MONDAY, November 11, 2019
Initial critical reaction to the work was unfavorable. Tchaikovsky was in Florence, Italy when the symphony was premiered and received word only from von Meck at first. His closest friends were so unsure about parts of the work that they did not say anything to him. A telegram from Rubinstein and the other musicians involved in the performances assured him only that the symphony had been well played. After a month, the composer wrote to Sergei Taneyev. Taneyev replied promptly and, as per his nature, all too honestly. Taneyev had found the symphony excellent in parts but less impressive overall. While he admired the first movement, he also considered it overlong. This, he thought, gave the work as a whole the feeling of a symphonic poem with three additional movements attached to justify it being called a symphony. Rubinstein had liked the finale best. Tchaikovsky replied defensively to Taneyev but was appreciative of his candor. He also suspected—rightly, it turned out—that Taneyev was hiding the news of a lukewarm reception to the premiere. At its St. Petersburg premiere the following November, the symphony was better received.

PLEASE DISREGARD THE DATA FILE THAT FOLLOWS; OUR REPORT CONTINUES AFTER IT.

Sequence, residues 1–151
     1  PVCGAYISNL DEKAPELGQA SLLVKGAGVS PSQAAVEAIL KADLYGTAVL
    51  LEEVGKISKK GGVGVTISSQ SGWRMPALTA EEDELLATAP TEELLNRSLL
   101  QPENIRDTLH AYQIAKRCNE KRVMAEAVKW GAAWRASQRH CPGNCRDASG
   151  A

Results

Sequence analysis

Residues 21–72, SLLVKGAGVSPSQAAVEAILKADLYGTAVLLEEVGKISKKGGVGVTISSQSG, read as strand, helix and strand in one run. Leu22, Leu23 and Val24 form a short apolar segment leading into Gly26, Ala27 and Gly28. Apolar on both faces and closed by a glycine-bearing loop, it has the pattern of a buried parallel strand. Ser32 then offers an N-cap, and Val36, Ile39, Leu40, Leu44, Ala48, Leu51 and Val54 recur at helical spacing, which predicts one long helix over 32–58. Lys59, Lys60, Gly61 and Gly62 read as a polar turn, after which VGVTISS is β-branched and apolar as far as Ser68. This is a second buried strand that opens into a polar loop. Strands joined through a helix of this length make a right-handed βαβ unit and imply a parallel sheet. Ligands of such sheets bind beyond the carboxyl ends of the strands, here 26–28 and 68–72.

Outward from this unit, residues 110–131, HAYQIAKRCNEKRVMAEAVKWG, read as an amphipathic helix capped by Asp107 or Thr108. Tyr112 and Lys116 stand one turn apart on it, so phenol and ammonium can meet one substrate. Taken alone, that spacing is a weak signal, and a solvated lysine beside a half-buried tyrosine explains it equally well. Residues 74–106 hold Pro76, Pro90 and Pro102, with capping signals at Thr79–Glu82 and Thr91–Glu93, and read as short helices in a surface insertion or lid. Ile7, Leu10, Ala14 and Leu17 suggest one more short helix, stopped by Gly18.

Reaction to the premiere in the United States was also negative. In 1890 a reviewer for the New York Post wrote, “The Fourth Tchaikovsky Symphony proved to be one of the most thoroughly Russian, i.e. semi-barbaric, compositions ever heard in the city. … If Tchaikovsky had called his symphony ‘A Sleigh Ride Through Siberia’ no one would have found this title inappropriate.”
The British premiere was in June 1893, conducted by the composer, who was attending Cambridge University to receive an honorary doctorate, along with Camille Saint-Saëns, Max Bruch and Arrigo Boito (Edvard Grieg was also honoured, but was unable to attend in person). The hall was filled to capacity, and the symphony received great applause after each movement.
A reviewer in Germany in 1897 wrote “The composer’s twaddle disturbed my mood. The confusion in brass and the abuse of the kettledrums drove me away!”
In spite of its early critical reviews, the symphony has become a staple of the orchestral repertoire, and remains one of the most frequently performed symphonies of the late 19th century. It is also ranked as one of the best of Tchaikovsky’s symphonies.